The sexual awareness enlightenment and emancipation of women expanded in the 1920s. That time, poor and working class men also began to achieve more equality in what was otherwise a class society. They had to fight for their rights, mostly peacefully, but not always. The broader equality results both for women and men were achieved slowly, especially from the 1950s onwards, and another leap from the 1970s until our days.
Real family planning in Norway
In the 1800s, also the beginning of 1900s, there was no real family planning in Norway, causing a much higher population growth than the land and social system could accommodate. As many as 800,000 Norwegians, in a population of just about two million people that time, emigrated to the ‘New World’ of America, from 1825-1925, with about a quarter returning because they had been very successful, or because they could not make it, or for other reasons.
The emigration helped the Norwegians becoming more internationally minded than they would otherwise have been, also supported by the fact that Norway from the 1840s had been sending Christian missionaries to Africa and Asia, including India, Nepal, China and Japan. Norwegian became involved in the UN and the development aid began in the 1950s, with the Indo-Norwegian Fisheries Project in Kerala in India being the first. By the time of breaking away from the union with Sweden in 1905, Norway had become one of the world’s leading shipping nations, as it still is. But today oil and gas export play a greater role.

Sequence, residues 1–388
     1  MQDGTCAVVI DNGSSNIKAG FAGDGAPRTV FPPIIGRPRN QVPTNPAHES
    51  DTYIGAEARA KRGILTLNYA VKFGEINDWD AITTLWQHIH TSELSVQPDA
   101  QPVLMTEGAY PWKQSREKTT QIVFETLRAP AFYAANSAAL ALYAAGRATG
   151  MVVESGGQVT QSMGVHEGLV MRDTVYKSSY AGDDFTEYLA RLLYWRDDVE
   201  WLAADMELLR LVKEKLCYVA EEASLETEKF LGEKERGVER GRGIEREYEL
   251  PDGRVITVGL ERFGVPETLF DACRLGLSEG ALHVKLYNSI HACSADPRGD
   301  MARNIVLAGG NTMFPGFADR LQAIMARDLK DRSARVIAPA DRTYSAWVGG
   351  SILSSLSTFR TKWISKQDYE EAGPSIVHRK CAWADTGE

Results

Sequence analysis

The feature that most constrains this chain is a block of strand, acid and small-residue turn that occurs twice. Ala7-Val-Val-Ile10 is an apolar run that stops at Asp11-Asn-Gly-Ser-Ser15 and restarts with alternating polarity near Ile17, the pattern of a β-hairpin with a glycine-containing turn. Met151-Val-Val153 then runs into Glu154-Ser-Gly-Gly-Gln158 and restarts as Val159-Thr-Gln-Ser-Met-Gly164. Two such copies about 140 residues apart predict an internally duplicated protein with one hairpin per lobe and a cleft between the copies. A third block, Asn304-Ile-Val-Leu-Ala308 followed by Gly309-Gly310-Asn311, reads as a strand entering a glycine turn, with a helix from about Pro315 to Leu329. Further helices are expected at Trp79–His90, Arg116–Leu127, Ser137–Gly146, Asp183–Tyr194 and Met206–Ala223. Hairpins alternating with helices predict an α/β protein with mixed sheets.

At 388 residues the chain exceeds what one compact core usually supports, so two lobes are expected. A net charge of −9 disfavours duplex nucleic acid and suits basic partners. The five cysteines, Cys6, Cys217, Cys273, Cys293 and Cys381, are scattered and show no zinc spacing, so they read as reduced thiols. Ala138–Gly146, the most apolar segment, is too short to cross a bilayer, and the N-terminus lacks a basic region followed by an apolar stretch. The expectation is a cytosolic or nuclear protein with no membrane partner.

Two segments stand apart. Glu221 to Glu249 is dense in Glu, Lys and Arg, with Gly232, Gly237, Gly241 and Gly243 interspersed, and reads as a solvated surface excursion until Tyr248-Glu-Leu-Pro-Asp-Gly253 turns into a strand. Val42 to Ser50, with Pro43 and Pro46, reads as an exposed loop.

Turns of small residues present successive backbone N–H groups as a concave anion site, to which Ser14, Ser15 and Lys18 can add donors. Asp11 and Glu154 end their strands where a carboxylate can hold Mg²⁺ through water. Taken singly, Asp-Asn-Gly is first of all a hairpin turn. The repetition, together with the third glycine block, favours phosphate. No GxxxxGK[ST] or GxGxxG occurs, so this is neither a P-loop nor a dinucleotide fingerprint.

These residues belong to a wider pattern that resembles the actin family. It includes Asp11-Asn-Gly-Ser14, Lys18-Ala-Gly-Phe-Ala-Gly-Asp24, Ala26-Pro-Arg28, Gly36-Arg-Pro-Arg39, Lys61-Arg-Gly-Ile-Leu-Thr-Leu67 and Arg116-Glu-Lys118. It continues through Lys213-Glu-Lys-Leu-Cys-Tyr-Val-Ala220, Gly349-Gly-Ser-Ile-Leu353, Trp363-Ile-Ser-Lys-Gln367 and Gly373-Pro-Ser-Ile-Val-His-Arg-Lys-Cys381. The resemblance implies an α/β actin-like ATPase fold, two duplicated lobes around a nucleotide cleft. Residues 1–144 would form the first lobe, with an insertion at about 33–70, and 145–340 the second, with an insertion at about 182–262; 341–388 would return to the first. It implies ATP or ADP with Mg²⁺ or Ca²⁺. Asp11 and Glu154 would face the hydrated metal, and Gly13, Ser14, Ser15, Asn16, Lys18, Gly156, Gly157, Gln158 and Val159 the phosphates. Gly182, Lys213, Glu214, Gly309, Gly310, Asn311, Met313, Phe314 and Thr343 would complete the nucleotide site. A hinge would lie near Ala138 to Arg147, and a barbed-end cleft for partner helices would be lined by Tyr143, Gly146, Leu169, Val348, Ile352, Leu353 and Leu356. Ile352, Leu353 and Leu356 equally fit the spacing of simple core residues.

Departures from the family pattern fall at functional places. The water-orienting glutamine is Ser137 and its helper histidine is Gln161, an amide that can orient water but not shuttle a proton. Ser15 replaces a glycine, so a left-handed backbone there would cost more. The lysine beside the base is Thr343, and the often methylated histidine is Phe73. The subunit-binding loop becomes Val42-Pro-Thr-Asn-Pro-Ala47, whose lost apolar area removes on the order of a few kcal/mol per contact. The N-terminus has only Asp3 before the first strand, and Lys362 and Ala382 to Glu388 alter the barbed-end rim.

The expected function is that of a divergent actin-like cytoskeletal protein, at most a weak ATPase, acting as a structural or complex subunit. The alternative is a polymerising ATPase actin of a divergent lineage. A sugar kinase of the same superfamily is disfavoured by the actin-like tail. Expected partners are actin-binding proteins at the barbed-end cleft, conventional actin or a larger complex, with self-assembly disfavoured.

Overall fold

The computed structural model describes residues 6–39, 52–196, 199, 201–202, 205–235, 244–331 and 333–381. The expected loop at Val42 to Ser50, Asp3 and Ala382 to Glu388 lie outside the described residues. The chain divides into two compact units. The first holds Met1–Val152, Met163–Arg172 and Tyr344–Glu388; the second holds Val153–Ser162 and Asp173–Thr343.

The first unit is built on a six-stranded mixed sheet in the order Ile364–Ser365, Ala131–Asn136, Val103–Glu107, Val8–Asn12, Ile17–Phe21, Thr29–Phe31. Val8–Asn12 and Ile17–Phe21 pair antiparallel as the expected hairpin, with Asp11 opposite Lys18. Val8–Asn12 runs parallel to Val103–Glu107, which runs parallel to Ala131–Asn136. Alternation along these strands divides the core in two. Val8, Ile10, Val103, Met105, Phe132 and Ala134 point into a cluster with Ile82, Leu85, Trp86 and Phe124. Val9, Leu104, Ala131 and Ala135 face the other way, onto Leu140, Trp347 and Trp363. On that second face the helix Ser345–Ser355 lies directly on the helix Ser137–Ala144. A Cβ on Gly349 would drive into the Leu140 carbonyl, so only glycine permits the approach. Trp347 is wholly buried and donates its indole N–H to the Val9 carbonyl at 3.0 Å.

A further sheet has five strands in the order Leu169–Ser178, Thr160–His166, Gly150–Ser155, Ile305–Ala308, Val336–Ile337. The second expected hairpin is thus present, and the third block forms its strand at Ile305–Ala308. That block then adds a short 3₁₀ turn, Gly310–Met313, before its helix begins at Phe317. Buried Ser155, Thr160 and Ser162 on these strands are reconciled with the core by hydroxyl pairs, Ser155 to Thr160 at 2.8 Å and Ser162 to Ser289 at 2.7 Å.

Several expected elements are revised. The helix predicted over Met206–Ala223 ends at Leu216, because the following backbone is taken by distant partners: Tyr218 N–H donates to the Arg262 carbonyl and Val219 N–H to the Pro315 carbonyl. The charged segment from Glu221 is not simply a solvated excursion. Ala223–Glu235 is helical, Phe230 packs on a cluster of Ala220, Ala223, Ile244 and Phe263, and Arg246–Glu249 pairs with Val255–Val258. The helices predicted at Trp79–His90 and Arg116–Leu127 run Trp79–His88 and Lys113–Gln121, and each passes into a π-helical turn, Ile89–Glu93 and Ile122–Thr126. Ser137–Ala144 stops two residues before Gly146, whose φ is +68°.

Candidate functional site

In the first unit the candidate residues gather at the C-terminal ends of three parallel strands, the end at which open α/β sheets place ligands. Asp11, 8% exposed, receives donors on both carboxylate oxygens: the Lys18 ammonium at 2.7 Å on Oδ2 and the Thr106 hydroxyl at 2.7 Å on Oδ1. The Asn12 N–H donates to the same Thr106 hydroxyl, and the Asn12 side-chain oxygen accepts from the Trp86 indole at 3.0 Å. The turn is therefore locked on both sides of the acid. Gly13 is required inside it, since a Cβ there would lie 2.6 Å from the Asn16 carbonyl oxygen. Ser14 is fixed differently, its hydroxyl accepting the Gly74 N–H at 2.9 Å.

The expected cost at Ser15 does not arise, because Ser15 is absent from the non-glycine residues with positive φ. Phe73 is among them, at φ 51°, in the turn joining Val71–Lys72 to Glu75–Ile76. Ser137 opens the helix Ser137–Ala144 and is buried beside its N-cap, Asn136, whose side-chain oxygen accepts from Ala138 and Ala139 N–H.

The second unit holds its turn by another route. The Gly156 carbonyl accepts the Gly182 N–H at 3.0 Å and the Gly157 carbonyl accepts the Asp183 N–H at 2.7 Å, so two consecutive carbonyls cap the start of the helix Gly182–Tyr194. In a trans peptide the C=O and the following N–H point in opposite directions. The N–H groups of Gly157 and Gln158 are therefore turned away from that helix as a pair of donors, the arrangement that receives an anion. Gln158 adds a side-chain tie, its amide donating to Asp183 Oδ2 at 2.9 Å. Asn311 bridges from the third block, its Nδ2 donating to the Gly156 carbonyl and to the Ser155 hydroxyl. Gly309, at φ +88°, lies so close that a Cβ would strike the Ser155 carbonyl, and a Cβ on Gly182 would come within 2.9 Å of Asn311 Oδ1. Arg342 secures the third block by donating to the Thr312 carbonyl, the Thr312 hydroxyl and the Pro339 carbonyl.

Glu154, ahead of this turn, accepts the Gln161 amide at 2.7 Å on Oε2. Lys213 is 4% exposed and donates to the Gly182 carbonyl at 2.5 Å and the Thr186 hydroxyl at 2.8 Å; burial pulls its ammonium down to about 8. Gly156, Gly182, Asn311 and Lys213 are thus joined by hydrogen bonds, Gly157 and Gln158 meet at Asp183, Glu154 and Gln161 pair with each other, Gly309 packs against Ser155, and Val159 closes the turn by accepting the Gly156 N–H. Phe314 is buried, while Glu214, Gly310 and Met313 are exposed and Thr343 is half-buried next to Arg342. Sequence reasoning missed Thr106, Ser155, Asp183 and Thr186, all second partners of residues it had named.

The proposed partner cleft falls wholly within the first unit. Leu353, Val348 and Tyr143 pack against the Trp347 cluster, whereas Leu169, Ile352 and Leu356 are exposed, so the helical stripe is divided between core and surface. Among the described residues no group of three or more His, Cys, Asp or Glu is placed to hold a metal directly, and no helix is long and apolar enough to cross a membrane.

There are many aspects of the Norwegian-American immigration history that resembles that of the Pakistanis going to Norway, and other countries, too. Dr. Kari Guttormsen Hempel, University of Stavanger, will focus on many of these aspects in a forthcoming book. We should learn more about the many Pakistani-Norwegians who have done well in their new land, and others who have just become average people, as most of us are anyway. In future, we should talk more about the struggles and successes of immigrants. Also, we should talk about the drain on the sending country when their good and productive people leave. It is a fact that Norway has become a better country thanks to the hearts, minds and contributions of the Pakistani-Norwegians and other immigrants – but their homeland also needed them.
The writer is a senior Norwegian social scientist with experience from university, diplomacy and development aid. Email: email@example.com